Sampson County, North Carolina

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Sampson County, North Carolina
Seal of Sampson County, North Carolina
Seal
Map of North Carolina highlighting Sampson County
Location in the state of North Carolina
Map of the United States highlighting North Carolina
North Carolina's location in the U.S.
Founded1784
Named forJohn Sampson
SeatClinton
Largest cityClinton
Area
 • Total947 sq mi (2,453 km2)
 • Land945 sq mi (2,448 km2)
 • Water2 sq mi (5 km2), 0.21%
Population
 • (2010)63,431
 • Density65/sq mi (25/km²)
Congressional district7th
Time zoneEastern: UTC-5/-4
Websitewww.sampsonnc.com
 
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Sampson County, North Carolina
Seal of Sampson County, North Carolina
Seal
Map of North Carolina highlighting Sampson County
Location in the state of North Carolina
Map of the United States highlighting North Carolina
North Carolina's location in the U.S.
Founded1784
Named forJohn Sampson
SeatClinton
Largest cityClinton
Area
 • Total947 sq mi (2,453 km2)
 • Land945 sq mi (2,448 km2)
 • Water2 sq mi (5 km2), 0.21%
Population
 • (2010)63,431
 • Density65/sq mi (25/km²)
Congressional district7th
Time zoneEastern: UTC-5/-4
Websitewww.sampsonnc.com

Sampson County is a county located in the U.S. state of North Carolina. As of the 2010 Census, the population was 63,431.[1] Its county seat is Clinton.[2]

History[edit]

Sampson County was formed in 1784 from Duplin County. It was named for John Sampson, who was the first register of deeds of Duplin County and the first mayor of Wilmington.

Sampson County is the birthplace of William R. King, a politician and diplomat who was elected both to the House of Representatives and the Senate. In 1852, he was elected as the 13th US vice-president on a ticket with Franklin Pierce.

The county has five traditional high schools.

Geography[edit]

According to the U.S. Census Bureau, the county has a total area of 947 square miles (2,450 km2), of which 945 square miles (2,450 km2) is land and 2 square miles (5.2 km2) (0.21%) is water.[3]

Sampson County is the second largest county, in land area, in North Carolina.

The county is drained by the Black and South Rivers, as well as Six Run Creek.

Adjacent counties[edit]

Major highways[edit]

Demographics[edit]

Historical population
CensusPop.
17906,162
18006,7199.0%
18106,620−1.5%
18208,90834.6%
183011,63430.6%
184012,1574.5%
185014,58520.0%
186016,62414.0%
187016,436−1.1%
188022,89439.3%
189025,0969.6%
190026,3805.1%
191029,98213.7%
192036,00220.1%
193040,08211.3%
194047,44018.4%
195049,7804.9%
196048,013−3.5%
197044,954−6.4%
198049,68710.5%
199047,297−4.8%
200060,16127.2%
201063,4315.4%
Est. 201263,9490.8%
U.S. Decennial Census[4]
2012 Estimate[1]

As of the census[5] of 2010, there were 63,431 people, 22,624 households, and 16,214 families residing in the county. The population density was 67.1 people per square mile (25/km²). There were 26,476 housing units at an average density of 27 per square mile (10/km²). The racial makeup of the county was 56.7% White, 27% Black or African American, 2% Native American, 0.4% Asian, 0.1% Pacific Islander and 2% from two or more races. 16.5% of the population were Hispanic or Latino of any race.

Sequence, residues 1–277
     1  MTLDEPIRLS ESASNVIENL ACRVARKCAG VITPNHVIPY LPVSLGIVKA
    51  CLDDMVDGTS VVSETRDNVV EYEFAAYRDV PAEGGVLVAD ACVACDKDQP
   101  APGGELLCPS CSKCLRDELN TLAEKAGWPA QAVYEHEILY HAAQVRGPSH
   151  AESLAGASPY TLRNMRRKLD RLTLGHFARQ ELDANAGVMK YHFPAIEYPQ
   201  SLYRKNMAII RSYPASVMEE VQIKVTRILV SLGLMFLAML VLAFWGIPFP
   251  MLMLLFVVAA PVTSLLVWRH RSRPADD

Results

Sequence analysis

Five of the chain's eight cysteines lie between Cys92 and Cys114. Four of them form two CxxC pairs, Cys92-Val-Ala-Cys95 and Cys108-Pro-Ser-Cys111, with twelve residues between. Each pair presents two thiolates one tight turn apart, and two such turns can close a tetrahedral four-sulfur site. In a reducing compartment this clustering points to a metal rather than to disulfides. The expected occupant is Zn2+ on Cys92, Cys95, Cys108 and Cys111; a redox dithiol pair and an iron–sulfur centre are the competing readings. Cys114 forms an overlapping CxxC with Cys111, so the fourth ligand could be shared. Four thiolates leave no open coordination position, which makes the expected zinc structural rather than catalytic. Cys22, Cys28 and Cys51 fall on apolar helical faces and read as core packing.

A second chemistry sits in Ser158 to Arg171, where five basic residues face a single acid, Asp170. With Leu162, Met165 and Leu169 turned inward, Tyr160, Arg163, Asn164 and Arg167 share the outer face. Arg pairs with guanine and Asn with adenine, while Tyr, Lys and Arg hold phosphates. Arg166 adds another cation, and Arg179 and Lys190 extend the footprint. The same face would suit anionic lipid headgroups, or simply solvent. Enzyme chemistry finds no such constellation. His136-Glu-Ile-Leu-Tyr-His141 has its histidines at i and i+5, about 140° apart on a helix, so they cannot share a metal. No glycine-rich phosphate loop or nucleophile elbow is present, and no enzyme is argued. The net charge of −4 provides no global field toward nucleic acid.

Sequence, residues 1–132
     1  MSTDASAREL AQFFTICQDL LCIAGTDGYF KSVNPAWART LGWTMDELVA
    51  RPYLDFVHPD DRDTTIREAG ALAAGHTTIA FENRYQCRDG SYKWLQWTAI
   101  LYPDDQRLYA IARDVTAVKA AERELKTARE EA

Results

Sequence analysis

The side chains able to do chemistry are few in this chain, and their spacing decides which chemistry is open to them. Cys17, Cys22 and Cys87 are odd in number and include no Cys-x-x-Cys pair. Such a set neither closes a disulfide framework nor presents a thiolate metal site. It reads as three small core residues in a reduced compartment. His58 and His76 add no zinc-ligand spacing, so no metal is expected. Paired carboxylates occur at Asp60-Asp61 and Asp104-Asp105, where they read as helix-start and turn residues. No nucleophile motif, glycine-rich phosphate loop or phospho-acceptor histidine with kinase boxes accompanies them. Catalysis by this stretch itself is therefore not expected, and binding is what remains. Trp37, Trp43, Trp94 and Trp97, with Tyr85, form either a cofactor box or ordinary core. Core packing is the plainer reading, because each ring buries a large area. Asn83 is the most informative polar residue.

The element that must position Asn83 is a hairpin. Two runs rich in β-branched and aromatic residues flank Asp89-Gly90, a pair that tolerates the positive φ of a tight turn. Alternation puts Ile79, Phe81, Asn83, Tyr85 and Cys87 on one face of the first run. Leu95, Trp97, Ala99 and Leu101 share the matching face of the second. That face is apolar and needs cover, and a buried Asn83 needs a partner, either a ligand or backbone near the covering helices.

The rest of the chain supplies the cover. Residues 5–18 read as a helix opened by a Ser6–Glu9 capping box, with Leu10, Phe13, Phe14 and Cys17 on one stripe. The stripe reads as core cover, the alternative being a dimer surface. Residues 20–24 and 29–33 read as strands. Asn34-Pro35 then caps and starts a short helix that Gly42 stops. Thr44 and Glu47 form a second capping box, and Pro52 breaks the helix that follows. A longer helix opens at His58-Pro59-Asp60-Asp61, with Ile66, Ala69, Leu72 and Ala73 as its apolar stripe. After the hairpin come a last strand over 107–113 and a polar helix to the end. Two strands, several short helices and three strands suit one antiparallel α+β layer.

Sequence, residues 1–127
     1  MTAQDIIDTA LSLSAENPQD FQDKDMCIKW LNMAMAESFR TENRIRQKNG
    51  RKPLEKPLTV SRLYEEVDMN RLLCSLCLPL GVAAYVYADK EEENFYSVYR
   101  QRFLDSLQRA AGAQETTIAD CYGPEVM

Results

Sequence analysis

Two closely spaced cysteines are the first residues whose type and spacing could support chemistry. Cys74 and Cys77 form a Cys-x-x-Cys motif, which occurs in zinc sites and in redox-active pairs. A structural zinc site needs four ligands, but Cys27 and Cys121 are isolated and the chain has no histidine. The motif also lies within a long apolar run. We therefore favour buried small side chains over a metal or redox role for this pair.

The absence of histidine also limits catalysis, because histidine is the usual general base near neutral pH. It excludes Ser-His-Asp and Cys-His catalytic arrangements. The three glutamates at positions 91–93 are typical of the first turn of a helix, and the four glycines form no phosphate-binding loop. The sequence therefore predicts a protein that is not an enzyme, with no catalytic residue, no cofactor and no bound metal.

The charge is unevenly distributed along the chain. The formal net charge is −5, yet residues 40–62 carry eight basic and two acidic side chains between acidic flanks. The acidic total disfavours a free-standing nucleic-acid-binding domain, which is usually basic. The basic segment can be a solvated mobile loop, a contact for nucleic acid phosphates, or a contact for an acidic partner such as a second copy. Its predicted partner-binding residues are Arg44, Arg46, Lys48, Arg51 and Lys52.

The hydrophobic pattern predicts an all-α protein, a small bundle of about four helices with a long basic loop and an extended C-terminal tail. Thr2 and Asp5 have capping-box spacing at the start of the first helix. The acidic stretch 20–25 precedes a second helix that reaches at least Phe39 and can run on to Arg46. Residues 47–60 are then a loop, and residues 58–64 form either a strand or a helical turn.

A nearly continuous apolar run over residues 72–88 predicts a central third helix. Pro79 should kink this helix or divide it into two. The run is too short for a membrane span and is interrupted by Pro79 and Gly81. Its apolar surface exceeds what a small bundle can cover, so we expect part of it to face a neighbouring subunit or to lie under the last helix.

There were 22,273 households out of which 33.40% had children under the age of 18 living with them, 53.60% were married couples living together, 14.30% had a female householder with no husband present, and 27.20% were non-families. 23.70% of all households were made up of individuals and 10.20% had someone living alone who was 65 years of age or older. The average household size was 2.64 and the average family size was 3.09.

In the county the population was spread out with 25.80% under the age of 18, 9.40% from 18 to 24, 29.70% from 25 to 44, 22.30% from 45 to 64, and 12.80% who were 65 years of age or older. The median age was 35 years. For every 100 females there were 98.20 males. For every 100 females age 18 and over, there were 95.90 males.

The median income for a household in the county was $31,793, and the median income for a family was $38,072. Males had a median income of $26,806 versus $20,657 for females. The per capita income for the county was $14,976. About 13.50% of families and 17.60% of the population were below the poverty line, including 21.50% of those under age 18 and 21.50% of those age 65 or over.

Sampson County is also one of the largest producers of hogs in the nation, and second in the state, with a population of over 2 million hogs.

Communities[edit]

Cities and towns[edit]

Map of Sampson County, North Carolina With Municipal and Township Labels

Townships[edit]

The county is divided into nineteen townships: Belvoir, Dismal, Franklin, Halls, Herring, Honeycutt, Lisbon, Little Coharie, McDaniels, Mingo, Newton Grove, North Clinton, Piney Grove, Plain View, South Clinton, South River, Taylors Bridge, Turkey, and Westbrook.

See also[edit]

References[edit]

  1. ^ a b "State & County QuickFacts". United States Census Bureau. Retrieved October 30, 2013. 
  2. ^ "Find a County". National Association of Counties. Retrieved 2011-06-07. 
  3. ^ "US Gazetteer files: 2010, 2000, and 1990". United States Census Bureau. 2011-02-12. Retrieved 2011-04-23. 
  4. ^ "U.S. Decennial Census". Census.gov. Retrieved October 30, 2013. 
  5. ^ "American FactFinder". United States Census Bureau. Retrieved 2008-01-31. 

External links[edit]

Coordinates: 34°59′N 78°22′W / 34.99°N 78.37°W / 34.99; -78.37